Judge Cudahy does not necessarily jump at the chance to resolve an important question if the case can be decided without doing so. Judge Posner criticized Judge Cudahy's majority opinion in a separate concurrence in Martin v. Consultants & Administrators, Inc., n224 writing that the court should have used the case "as a vehicle for clarifying issues that have been a recurrent source of uncertainty and confusion;" n225 that is, the distinctions between self-concealing fraud and active concealment of an underlying fraud, and equitable estoppel and equitable tolling. The two scholarly opinions reached the same result for the case before the court, but Judge Cudahy's principal opinion was content to decide the case on narrow grounds and not to resolve the other issues.
Quite recently, Judge Cudahy wrote for a unanimous panel in Great Lakes Dredge & Dock Co. v. City of Chicago, n226 one of the many cases arising out of the Chicago flood of April of 1992. The city's contractor, Great Lakes, was sued in state court by thousands
[*739] of plaintiffs, including individuals, businesses, and the city, who alleged that the contractor had negligently installed pile clusters in the Chicago River, causing a break in a subterranean freight tunnel that sent millions of gallons of river water into basements of many Loop buildings. n227 The contractor filed a complaint in district court, claiming the existence of federal admiralty jurisdiction and seeking the benefit of a statutory limitation of liability for vessel owners. n228 The city successfully moved to dismiss the action in the district court but the court of appeals reversed, concluding that the contractor's alleged negligence was within admiralty jurisdiction. n229 The scholarly opinion traces the origins and development of the somewhat arcane field of admiralty, carefully grounding the court's holding in the statutes and cases, and methodically applying a threestaged inquiry to the specific facts of the case. The court remanded the case to the district court for further proceedings relative to the limitation of liability, which Judge Cudahy wryly noted was "the substantive law upon which Great Lakes anchored its claim." n230
While Judge Cudahy is to be commended for his ability to produce opinions of this quality with reasonable speed, he can also be criticized for contributing to the court's backlog. Because Judge Cudahy is more apt than anyone else on the court to voice objections to opinions circulated from other chambers, he has been known to delay other judges in issuing their final opinions. Judge Cudahy's own opinions tend to be longer and more academic in style, and it often takes him longer to issue opinions than his colleagues. n231 Most of the opinions written by Judge Cudahy and reviewed by the Council were issued within six months after oral argument. On occasion, however, Judge Cudahy takes an inordinate amount of time to produce a decision. n232 In recent years, his opinions have revealed a tendency to request supplemental briefing of particular issues, especially jurisdiction. In all, however, Judge Cudahy's contribution to the court's backlog is small. The Council views the delay attributa [*740] ble to Judge Cudahy's separate opinions as worthwhile.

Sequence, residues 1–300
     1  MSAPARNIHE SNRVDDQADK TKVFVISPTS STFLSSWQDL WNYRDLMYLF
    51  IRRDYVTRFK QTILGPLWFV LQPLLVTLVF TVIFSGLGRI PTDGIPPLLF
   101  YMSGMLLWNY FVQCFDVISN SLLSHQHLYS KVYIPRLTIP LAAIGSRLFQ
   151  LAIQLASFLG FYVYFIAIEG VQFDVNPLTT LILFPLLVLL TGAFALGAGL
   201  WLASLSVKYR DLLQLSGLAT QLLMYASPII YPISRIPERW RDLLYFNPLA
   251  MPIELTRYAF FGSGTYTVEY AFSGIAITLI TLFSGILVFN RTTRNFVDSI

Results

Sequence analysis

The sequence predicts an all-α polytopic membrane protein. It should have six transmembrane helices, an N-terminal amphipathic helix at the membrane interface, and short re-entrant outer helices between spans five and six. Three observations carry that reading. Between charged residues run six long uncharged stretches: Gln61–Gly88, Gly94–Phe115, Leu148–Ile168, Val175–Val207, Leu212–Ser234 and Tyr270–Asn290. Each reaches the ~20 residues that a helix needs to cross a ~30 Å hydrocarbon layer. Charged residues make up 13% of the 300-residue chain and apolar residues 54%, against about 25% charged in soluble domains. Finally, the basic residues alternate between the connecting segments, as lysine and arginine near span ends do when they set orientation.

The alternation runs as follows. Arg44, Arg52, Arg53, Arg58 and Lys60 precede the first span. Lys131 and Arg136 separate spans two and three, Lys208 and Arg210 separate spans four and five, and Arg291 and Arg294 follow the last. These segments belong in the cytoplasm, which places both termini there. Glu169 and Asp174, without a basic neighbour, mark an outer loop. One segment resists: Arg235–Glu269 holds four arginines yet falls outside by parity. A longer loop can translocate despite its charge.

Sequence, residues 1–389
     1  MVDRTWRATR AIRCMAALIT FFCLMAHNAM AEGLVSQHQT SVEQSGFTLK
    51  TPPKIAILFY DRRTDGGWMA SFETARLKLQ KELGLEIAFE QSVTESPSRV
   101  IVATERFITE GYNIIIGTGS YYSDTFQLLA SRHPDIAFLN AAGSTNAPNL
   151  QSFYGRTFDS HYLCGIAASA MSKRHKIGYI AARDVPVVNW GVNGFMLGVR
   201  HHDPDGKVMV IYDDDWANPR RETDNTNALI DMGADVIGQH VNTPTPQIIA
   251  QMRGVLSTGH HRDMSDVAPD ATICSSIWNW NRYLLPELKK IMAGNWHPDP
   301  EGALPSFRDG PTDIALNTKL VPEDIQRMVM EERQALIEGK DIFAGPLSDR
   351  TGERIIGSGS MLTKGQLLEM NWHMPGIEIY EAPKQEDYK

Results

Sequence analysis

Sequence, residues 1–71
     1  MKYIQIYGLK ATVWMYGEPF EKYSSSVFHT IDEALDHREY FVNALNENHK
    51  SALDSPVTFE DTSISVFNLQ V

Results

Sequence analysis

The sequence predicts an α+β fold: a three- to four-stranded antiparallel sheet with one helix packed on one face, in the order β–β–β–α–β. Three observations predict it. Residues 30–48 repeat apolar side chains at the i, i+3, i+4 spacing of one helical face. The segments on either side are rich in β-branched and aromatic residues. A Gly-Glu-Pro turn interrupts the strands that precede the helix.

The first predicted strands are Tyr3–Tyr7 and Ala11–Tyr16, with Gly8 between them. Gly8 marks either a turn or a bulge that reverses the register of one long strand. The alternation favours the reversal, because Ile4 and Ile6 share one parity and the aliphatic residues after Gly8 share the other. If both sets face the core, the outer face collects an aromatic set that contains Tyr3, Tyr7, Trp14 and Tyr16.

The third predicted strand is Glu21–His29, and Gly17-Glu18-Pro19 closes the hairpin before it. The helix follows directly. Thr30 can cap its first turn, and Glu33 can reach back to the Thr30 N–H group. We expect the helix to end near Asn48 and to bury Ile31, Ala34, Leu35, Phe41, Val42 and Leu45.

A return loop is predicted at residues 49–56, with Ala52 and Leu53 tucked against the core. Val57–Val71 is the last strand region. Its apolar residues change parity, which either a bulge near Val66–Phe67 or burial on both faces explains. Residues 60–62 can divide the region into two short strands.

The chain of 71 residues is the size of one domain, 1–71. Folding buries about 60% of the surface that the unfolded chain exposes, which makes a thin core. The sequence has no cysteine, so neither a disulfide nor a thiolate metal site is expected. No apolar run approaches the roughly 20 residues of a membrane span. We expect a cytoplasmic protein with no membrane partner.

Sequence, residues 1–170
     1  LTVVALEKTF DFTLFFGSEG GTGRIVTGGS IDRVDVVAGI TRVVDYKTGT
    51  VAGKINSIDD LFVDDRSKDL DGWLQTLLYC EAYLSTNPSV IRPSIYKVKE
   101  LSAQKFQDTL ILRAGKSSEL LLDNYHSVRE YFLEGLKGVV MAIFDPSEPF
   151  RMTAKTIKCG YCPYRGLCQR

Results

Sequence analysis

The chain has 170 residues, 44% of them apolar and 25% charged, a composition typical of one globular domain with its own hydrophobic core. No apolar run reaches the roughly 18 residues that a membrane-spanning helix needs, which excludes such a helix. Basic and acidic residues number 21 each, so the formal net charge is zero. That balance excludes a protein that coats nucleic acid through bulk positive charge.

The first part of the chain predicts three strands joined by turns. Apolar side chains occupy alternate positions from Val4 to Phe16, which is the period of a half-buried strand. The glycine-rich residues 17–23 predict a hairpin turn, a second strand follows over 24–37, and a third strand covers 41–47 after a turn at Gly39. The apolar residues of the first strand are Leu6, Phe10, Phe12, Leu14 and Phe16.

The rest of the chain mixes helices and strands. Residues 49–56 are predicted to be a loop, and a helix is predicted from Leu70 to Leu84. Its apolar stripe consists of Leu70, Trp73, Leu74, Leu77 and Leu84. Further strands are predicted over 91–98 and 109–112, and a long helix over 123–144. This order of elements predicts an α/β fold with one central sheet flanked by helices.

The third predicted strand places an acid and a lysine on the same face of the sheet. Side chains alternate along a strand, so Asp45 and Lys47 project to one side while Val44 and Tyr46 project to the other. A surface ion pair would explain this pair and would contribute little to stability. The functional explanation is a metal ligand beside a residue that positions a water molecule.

Judge Cudahy prepares intensely for oral argument, requiring detailed bench memos from his law clerks. He often discusses a case at length with his clerks before argument, and his opinions reveal independent research of the issues briefed (or not briefed) by the parties. During oral argument he is consistently engaged but shows an affable, calm style. Appellate advocates report that he is courteous from the bench, raising questions when they are important to him but not otherwise speaking. His questions reflect thorough preparation and an understanding of the issues. As he does when he writes opinions, Judge Cudahy's performance at oral argument also shows self-confidence and an independence from the rest of the court.
As is probably true of many appellate courts, there are a number of judges on the Seventh Circuit bench who disdain dissent, seeking consensus, believing it is important for the court to speak with one voice. Judge Cudahy is not among them. Unlike many of his colleagues, Judge Cudahy will refuse to join in an opinion with which he has serious reservations, whether he differs with the majority's result or its reasoning; hence his prodigious total of separate opinions, both concurrences and dissents.
Judge Cudahy also has come to be perceived by the bar as somewhat ideologically distanced from his colleagues on the court. To some, this perception raises a question as to the extent of Judge Cudahy's influence on the court when he must compete for a colleague's deciding vote. His dissents have grown shorter and pithier, though usually not biting. n233 But Judge Cudahy can be biting when Chief Judge Posner or Judge Easterbrook is on the other side, as in Original Great American Chocolate Chip Cookie Co. v. River Valley Cookies, Ltd. n234
The Council believes that published dissents and separate concurrences are useful instruments in the explication and advancement of the law. Judge Cudahy has issued numerous important and effective
[*741] separate opinions, n235 and he has also played an important role in the court by writing majority opinions that narrow overly-broad opinions issued by other judges. n236 Judge Cudahy's record -- whether speaking for the court, concurring, or dissenting -- reflects a substantial contribution to the law and the court. He continues to be an excellent judge.